While the Land Down Under is best known for its beaches, surfing, scuba diving and warm temperatures, the high country of Tasmania, Victoria and New South Wales does catch a fair amount of snow. The Australia skiing season typically begins in June, with the higher elevations celebrating the beginning of the ski season with their first snowfall. In contrast to the sharp peaks and dramatic angles of new mountains, the mountains in Australia are ancient, with smooth, undulating forms that exhibit their incredible age. This makes for some of the more distinctive skiing terrain I’ve ever seen and sets Australia apart from other ski destinations around the world.
New South Wales
Thredbo Ski Resort, Australia, NSW. Photo by Enoch Lau. License: CC BY-SA 3.0.
Perisher is one of the more popular destinations in NSW, a mountainous area with seven peaks, some more than 2,000 meters in height and offering a total of 47 lifts. As one of the four main resorts sharing a combination ticket, a visit here is also a good value in addition to its prime skiing. Beginners will definitely enjoy the slopes, but that doesn’t mean an advanced skier will be bored with the runs on offer.
Guthega is another of the four, a resort that just had a new chair installed in 2014 and the site of some great restaurants right on the snow. There are 16 runs to challenge any level of ski enthusiast. While Perisher is often the favorite, I found Guthega more enjoyable for its Double Blue and Black runs. There’s ample challenge for boarders as well, with spectacular views and some first-rate terrain.
Blue Cow is an interesting alternative, so named for the breed of cattle a rancher would let wander across the hillside. It’s easily reached via Skitube and offers instant access to its nice range of both Black and Blue runs, such as the memorable Kamikaze, Pleasant Valley and Roller Coaster. There’s no level of skier who won’t be pleased with the challenge they’ll find at this enjoyable and highly accessible resort.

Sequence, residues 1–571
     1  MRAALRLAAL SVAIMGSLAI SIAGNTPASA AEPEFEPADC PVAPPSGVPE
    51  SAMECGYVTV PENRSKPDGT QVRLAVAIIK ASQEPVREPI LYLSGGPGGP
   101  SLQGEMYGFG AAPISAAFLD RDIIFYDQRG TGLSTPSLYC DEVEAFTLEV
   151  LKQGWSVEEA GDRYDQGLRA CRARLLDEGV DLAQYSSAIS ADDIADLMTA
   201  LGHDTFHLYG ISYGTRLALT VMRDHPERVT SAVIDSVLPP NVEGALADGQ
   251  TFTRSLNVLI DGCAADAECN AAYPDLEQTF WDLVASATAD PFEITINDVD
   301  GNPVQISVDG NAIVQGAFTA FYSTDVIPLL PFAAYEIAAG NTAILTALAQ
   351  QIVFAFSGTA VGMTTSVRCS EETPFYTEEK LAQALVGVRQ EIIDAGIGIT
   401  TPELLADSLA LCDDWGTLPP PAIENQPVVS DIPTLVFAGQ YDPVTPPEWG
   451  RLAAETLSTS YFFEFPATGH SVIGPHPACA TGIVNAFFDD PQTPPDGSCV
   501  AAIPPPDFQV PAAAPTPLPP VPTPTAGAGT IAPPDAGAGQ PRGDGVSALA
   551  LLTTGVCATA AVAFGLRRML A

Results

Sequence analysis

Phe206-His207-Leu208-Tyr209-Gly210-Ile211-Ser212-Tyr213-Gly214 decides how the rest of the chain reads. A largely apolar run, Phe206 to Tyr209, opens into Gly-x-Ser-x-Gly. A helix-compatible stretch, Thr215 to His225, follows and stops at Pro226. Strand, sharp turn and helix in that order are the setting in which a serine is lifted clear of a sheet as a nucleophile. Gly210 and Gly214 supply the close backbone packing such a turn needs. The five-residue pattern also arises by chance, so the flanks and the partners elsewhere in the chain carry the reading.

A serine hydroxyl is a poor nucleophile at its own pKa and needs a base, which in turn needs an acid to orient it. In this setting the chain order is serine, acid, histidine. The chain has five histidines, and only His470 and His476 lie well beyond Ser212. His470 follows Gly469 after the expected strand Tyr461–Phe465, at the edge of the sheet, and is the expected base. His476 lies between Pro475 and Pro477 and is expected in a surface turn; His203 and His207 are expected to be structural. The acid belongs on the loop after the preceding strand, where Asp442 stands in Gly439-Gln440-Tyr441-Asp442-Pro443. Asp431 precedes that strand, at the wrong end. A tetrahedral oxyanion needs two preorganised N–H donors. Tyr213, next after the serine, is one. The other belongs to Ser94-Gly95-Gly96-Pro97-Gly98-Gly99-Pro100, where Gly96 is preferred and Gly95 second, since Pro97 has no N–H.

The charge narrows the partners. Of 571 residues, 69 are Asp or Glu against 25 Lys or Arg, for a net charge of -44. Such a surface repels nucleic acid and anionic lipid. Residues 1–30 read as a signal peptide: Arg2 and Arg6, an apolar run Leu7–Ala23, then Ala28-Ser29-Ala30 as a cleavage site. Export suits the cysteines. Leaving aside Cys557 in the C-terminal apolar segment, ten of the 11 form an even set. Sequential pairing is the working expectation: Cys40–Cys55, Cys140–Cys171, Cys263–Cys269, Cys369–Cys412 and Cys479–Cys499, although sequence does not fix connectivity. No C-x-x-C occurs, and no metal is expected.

Smiggen Holes, the last of the four resorts, beckons beginners with its distinctive bowl that return skiers back to the beginning when their runs are completed. It’s a good place to learn or brush up on skills before striking out to the more challenging runs offered by the other resorts.
Falls Creek, Victoria, Australia. Photo by Alex Cohen. License: CC BY-SA 3.0.
Melbourne’s closest access to the snow fields is Mount Hotham, a resort offering the entirety of the ski experience, from beginning classes and equipment outfitters to lodging, restaurants and bars. There are dozens of runs, making full use of Australia’s Great Dividing Range to offer a full range of challenges for any level of skier. The peaks rise to nearly 1,900 meters in height and offer spectacular views in addition to enormous fun.
Mount Buller is a 300 hectare resort, smaller than some but with a spectacular Black run on the back of the summit. Accommodation right on the runs allows skiers instant access to any part of the resort and it is very welcoming to any level of skier. There’s snow making equipment to fill in any blanks left from the weather and 22 lifts means skiers won’t lack for something new to try.
Ben Lomond, Tasmania, Australia. Photo by Lauchlin. License: CC BY 1.0.
While cross-country is a popular way to ski Tasmania, it does offer alpine slopes for the avid downhill skier. Ben Lomond offers enthusiasts seven lifts and an elevation of almost 1,600 meters. Mount Mawson is another popular choice, an area with excellent access from Hobart and three lifts to its peaks measuring a little over 1,200 meters.
For those wanting to travel around Australia and ski, there’s a wonderful range of options in three territories. Australian mountains offer a unique and challenging experience for any level of skier.